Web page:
Mitchell, a nationally renowned neurologist in women’s nervous diseases. He
told Gilman that “she was suffering from neurasthenia, or exhaustion of the
nerves” the diagnosis required his renowned “rest cure” (Lane, To Herland
115). The treatment required for the cure involved “1) extended and total bed
rest; 2) isolation from family and familiar surroundings…” (Lane, To Herland
116). The treatment was basically a version of how to be submissive and domestic
according to the dominant social values outside of the sanitarium. After being
treated for a month Gilman was sent home and was told to “live as domestic a
life as possible…and never touch pen, brush or pencil as long as you live”
(Lane, To Herland 121). Having a strong love for her work and being a free
thinker and writer, Gilman would naturally consider this way of treatment a
cruel punishment. In her diary she wrote, “I went home, followed those
directions rigidly for a month and came perilously near to losing my mind”
(Lane, To Herland 121). In the late 1800’s women did not have the opportunity
to have both a career and their families. They have to give up their families if
they waned to pursue a career. Despite the great controversy she created, Gilman
decided to choose her work over her family when she divorced her husband in 1887
and moved to California. A few years later, she gave her child to her ex-husband
in order to lecture across the country. In 1890 she wrote “The Yellow
Wallpaper” in reaction to Dr. S. Weir Mitchell’s “rest cure”. In her
“Why I wrote ‘The Yellow Wallpaper’?” in The Forerunner, Gilman portrays
the “years I suffered from a severe and continuous nervous breakdown” and
goes on to talk about the doctor who treated her and how in reaction to
treatment had “sent a copy to the physician who so nearly drove me mad”
(Gilman 19, 20). And she says, “the best result…years later I was told the
treat specialist had admitted to friends of his that he had altered his
treatment of neurasthenia since reading ‘The Yellow Wallpaper’” (Gilman
20). Despite what Gilman said, we can sense a tone of this work being close to
her emotional and psychological reality. Besides, many studies have been carried
out to find what Gilman’s intent was in writing “The Yellow Wallpaper”.
Joanne Karpinski says, “one theme that seems to run through all her works…is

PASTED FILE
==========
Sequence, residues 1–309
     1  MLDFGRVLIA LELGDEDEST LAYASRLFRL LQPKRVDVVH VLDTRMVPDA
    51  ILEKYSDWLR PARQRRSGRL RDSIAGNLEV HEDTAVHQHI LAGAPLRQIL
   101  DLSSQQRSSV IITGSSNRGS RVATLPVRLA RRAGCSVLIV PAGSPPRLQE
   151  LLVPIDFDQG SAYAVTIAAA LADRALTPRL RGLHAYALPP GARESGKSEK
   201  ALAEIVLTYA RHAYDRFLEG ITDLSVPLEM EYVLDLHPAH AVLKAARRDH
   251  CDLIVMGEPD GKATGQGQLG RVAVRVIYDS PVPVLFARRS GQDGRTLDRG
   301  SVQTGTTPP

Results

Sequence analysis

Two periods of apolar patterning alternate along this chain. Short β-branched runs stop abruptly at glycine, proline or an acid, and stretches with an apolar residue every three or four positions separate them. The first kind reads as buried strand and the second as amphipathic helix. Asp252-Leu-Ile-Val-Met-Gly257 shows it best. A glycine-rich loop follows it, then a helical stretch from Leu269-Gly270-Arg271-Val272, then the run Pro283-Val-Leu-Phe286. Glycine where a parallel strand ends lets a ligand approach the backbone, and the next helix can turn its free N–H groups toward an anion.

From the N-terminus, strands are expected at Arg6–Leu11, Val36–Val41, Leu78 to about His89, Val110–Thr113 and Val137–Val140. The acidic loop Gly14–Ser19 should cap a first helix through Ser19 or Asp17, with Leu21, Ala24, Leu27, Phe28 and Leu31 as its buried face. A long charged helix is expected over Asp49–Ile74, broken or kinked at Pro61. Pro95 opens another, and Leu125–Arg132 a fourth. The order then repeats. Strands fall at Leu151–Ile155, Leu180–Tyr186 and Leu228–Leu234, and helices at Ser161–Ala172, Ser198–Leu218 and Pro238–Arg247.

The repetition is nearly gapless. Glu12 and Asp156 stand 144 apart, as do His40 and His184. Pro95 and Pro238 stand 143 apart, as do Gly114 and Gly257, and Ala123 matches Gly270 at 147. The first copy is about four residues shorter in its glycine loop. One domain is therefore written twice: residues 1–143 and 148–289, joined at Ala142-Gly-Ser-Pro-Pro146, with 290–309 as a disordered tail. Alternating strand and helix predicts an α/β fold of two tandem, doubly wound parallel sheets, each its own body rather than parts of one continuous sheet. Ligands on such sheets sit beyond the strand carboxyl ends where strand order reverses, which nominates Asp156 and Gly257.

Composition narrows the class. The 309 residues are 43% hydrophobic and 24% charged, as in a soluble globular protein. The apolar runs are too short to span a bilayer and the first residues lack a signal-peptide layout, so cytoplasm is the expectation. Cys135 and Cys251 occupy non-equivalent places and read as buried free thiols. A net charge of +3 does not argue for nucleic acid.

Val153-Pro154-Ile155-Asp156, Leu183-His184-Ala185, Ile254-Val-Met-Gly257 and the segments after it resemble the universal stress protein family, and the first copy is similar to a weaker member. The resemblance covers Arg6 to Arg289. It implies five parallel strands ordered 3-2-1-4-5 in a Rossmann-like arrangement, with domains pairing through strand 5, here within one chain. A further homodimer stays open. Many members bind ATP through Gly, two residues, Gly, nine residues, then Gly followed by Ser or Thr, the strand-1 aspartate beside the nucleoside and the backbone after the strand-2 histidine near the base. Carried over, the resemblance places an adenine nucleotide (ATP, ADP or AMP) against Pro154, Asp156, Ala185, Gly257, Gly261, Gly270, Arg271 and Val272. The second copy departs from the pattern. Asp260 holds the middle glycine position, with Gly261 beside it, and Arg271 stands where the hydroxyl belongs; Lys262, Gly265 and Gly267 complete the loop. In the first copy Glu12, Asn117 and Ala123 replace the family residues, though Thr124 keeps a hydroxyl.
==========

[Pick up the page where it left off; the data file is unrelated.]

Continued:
a desire for order and coherence in lived experience” (3) while Lane suggests,
“(it) is an intensely personal examination of Gilman’s private nightmare”
(To Herland 127). This implies that she wrote this story to sort through her
emotions and fears in her own life. If her revenge for Dr. Mitchell is part of
the reason in writing this work, it is also true that her creation of this story
allows her to reveal her emotional and psychological state of mind. Even though
“The Yellow Wallpaper” is just a story that is most probably fictitious,
there are amazing similarities between Gilman’s real life experience and what
is depicted in the story. Lane describes one of Gilman’s diary entry where she
wrote, “I made a rag baby…hung it on the doorknob and played with it. I
would crawl into remote closets and under beds --- to hide from the grinding
pressure of that profound distress” (To Herland 121). This is amazingly
similar to what is described of the narrator in the story, who crawls and creeps
in the corners of the room. Gilman showed her emotions in the story and tried to
discover “what happens to our lives if we let others run them for us” (Lane,
introduction xviii). The attempts to discover was hard for her “(it) must have
haunted Gilman all her life because it answered the question: what if she had
not fled her husband and renounced the most advance psychiatric advice of her
time?” (Lane, Introduction xviii). “The Yellow wallpaper” is a testament
to Gilman’s own life experience. We can feel the tough decisions she made and
how those decisions affected her emotionally as Lane puts it, “perhaps the
emotional truth and intensity of ‘The Yellow Wallpaper’ drained her; perhaps
it frightened her” (To Herland 127). Gilman delved deep into her emotions and
feelings in “The Yellow Wallpaper” and that is why it is Gilman’s
best-know work today (Charters 318).

Berkin, Ruth Carol. “Self-Images: Childhood and Adolescence.” Critical
Essays on Charlotte Perkins Gilman. Ed. Joanne Karpinski. New York: G.K. Hall,
1992. Ceplair, Larry. “The Early Years.” Charlotte Perkins Gilman: A
Non-fiction Reader. Ed. Larry Ceplair. New York: Columbia UP, 1991. 5-19.
Charters, Ann. The Story and Its Writer: An Introduction to Short Fiction
(Compact Fifth Edition). Bedford/St. Martin’s, Boston, 1999 Gilman, Charlotte
Perkins. “Why I Wrote 'The Yellow Wallpaper'?” The Forerunner (Oct. 1913):
19-20. Karpinski, Joanne B. Introduction. Critical Essays on Charlotte Perkins
Gilman. Ed. Joanne Karpinski. New York: G.K. Hall, 1992. Lane, Ann J.
Introduction. “The Fictional World of Charlotte Perkins Gilman.” The
Charlotte Perkins Gilman Reader. Ed. Ann J. Lane. New York: Pantheon Books,
1980. X-xviii. Lane, To Herland and Beyond: The Life and Work of Charlotte
Perkins Gilman. New York: Penguin, 1990.